May 13, 2001 Update
At the beginning of April the AVP-Rwanda Team returned after a very successful twelve AVP workshops in Rwanda. David Bucura of Rwanda Yearly Meeting did an excellent job of organizing the workshops in various parts of the country, including food, lodging where necessary,and transportation of both facilitators and participants. All workshops were full and people anxious to be chosen to go onto the next level of training. The American and Ugandan facilitators worked well together. Twelve Rwandans apprenticed their first facilitation of the workshops. A group of eight Rwandans from around the country formed the beginnings of an AVP organization to decide the next directions for AVP in Rwanda. The Team more than accomplished the goals we had set for the program. The few drawbacks included (a) few women participants (which the Rwandans were well aware of), (b) the failure of the two people designated from Congo Yearly Meeting to attend, although another Congolese from Goma did attend, and (c) the large majority of participants who were Protestants, thereby little involvement from Catholics, Moslems, or the secular community.
The Burundi Team also completed its training in South Africa at the end of March. As I reviewed their evaluations of the training, I was struck by how much they needed to learn and the magnitude of the task that we have given them in founding the Burundi Trauma Healing and Reconciliation Center. Since they returned to Burundi, they have each planned a half-day workshop in trauma healing. They then travelled to Kibimba and held these four workshops. They were enthusiastically received. For example, at the first workshop for pastors from the Quarterly Meeting and staff of Kibimba hospital, the participants did not want their break, did not want to stop for lunch, and wanted to continue in the afternoon (when the Team was scheduled to conduct a second workshop for older students from Kibimba secondary school). While the participants had frequently seen the signs of trauma, they did not understand that these signs were indications of traumatic experiences. After the Team processes their experiences in these workshops, they willcontinue to facilitate more.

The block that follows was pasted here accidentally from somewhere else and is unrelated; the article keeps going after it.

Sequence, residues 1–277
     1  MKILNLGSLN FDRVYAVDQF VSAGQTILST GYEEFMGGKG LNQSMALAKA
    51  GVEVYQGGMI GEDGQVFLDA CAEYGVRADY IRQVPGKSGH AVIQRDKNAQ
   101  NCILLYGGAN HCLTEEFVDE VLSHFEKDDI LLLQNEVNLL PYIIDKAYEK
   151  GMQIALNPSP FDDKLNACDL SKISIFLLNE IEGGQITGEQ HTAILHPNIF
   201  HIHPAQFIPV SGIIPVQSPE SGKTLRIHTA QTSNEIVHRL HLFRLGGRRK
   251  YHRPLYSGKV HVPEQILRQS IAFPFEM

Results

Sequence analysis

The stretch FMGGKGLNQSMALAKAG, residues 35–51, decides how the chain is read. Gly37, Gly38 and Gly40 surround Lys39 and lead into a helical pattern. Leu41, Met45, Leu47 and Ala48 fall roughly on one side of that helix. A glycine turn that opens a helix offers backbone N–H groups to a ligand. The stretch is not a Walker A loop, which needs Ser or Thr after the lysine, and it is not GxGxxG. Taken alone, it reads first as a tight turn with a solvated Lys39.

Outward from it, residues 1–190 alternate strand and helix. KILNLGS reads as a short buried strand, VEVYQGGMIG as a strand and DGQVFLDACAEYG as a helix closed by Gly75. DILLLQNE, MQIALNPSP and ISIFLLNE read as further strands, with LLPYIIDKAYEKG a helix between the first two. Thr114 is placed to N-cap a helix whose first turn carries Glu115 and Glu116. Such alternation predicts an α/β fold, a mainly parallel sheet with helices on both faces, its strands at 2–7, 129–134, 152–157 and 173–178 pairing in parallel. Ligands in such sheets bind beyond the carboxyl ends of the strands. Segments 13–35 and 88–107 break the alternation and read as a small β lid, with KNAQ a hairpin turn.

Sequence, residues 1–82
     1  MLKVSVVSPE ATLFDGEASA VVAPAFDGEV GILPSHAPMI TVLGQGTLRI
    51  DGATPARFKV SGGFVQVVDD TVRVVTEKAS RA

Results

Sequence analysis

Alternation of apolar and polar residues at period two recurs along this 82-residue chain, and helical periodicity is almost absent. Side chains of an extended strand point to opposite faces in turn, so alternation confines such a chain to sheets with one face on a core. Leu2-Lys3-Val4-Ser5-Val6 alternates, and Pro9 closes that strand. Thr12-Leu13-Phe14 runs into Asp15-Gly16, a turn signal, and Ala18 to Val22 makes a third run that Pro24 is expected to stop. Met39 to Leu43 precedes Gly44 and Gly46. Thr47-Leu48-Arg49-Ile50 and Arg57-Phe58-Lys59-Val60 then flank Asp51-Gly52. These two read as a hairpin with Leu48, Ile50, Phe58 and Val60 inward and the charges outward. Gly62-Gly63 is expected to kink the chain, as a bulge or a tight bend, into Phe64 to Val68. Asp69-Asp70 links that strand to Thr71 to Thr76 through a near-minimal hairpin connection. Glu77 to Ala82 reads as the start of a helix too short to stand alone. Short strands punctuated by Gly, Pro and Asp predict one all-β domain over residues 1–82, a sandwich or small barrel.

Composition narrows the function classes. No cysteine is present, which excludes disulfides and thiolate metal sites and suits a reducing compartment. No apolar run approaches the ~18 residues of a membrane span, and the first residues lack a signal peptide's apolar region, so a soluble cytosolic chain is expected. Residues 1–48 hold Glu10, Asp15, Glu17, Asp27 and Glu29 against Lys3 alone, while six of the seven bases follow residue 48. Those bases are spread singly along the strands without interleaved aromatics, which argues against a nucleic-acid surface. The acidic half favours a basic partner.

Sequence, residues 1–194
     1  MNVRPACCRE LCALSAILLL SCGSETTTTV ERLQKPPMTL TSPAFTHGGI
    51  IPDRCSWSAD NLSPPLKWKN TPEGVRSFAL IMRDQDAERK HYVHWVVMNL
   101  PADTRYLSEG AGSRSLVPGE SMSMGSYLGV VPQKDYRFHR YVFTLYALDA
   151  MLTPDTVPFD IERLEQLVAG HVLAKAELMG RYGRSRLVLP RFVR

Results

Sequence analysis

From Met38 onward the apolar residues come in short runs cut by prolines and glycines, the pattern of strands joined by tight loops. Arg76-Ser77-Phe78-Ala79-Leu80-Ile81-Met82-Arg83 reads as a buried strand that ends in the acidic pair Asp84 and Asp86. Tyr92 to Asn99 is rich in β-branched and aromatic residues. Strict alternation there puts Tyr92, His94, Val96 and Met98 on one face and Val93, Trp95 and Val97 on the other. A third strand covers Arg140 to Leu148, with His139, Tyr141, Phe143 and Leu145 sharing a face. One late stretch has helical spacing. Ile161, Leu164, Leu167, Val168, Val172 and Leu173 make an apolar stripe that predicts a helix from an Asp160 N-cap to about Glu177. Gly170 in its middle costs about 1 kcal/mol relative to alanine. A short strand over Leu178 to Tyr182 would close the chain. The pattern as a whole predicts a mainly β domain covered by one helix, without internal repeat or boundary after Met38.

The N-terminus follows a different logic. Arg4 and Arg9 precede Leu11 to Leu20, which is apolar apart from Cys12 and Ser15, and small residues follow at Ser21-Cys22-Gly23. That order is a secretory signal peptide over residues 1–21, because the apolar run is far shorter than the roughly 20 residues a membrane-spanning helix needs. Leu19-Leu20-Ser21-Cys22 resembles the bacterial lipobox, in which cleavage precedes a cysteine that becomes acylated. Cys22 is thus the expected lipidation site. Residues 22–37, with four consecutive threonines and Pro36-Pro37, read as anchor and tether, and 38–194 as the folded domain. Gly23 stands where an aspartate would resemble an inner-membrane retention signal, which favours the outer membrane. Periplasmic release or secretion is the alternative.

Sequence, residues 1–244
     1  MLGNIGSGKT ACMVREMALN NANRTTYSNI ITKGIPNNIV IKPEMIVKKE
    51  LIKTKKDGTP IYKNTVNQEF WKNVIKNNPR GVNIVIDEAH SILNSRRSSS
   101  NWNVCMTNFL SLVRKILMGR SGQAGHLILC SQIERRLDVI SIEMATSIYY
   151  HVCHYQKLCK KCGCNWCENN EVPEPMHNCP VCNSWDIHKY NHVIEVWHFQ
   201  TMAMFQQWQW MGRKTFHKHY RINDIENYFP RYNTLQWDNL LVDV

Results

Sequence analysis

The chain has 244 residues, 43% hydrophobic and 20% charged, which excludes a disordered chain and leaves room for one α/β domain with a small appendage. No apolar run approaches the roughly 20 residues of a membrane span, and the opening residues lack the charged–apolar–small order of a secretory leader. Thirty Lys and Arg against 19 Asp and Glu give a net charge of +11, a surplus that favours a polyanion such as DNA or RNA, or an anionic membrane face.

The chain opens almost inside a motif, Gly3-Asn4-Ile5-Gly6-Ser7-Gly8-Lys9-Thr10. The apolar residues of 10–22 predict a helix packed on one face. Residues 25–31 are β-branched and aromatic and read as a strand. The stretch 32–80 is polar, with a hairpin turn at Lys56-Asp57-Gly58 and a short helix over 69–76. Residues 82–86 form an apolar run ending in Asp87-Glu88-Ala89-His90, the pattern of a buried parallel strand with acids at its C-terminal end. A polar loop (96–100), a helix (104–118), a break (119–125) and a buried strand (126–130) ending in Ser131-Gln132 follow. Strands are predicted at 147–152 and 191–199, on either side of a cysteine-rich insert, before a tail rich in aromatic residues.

I will be travelling from May 28 through June 4 to Burundi to meet with the Team.Consequently in my next report I will have first-hand observations to give you.
One of the goals of AGLI is to stimulate interest and interaction between us and those in the Great Lakes. Bill McMechan from Canada called me to tell me that two years after he returned from the initial AGLI delegation, he was able to receive considerable funding for AVP-Uganda (sufficient perhaps for about an additional 100 AVP workshops over the next eighteen months) through the Canadian Friends Service Committee and will be visiting Uganda again in the near future. The funds came from a grant submitted to the Canadian government. I also helped Heidi Witmer, a junior at Haverford College, to spend the summer with Bridget Butt and the Quakers in Kigali, Rwanda, working with the Peace Center they have started there and with the Rwanda Reconciliation Commission (a government sponsored program). This is sponsored by a new peace studies program at Haverford College.
From May 10 to 13, AGLI Working Group members, together with some FPT coordinating committee members, AGLI Consultative Group members, and returned Team members, met at QUNO and Monclair Meeting (Carolyn Keys's home meeting) for two plus days of discussion, brainstorming, and planning for the future. This was the first time the AGLI Working Group has met face to face.
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